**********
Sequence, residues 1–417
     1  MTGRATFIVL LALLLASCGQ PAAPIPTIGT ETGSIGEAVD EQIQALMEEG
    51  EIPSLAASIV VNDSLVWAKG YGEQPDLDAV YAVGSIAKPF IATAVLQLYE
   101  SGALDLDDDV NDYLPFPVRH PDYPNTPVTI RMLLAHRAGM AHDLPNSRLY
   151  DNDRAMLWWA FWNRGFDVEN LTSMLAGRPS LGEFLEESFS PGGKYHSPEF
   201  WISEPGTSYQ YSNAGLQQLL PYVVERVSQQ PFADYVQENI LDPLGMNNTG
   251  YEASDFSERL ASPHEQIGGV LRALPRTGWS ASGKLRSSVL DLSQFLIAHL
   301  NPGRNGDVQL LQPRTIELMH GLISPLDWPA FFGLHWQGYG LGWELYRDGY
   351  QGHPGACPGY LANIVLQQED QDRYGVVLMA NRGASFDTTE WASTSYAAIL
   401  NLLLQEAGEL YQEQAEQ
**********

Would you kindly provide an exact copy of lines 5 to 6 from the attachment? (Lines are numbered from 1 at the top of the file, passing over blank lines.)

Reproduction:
   151  DNDRAMLWWA FWNRGFDVEN LTSMLAGRPS LGEFLEESFS PGGKYHSPEF
   201  WISEPGTSYQ YSNAGLQQLL PYVVERVSQQ PFADYVQENI LDPLGMNNTG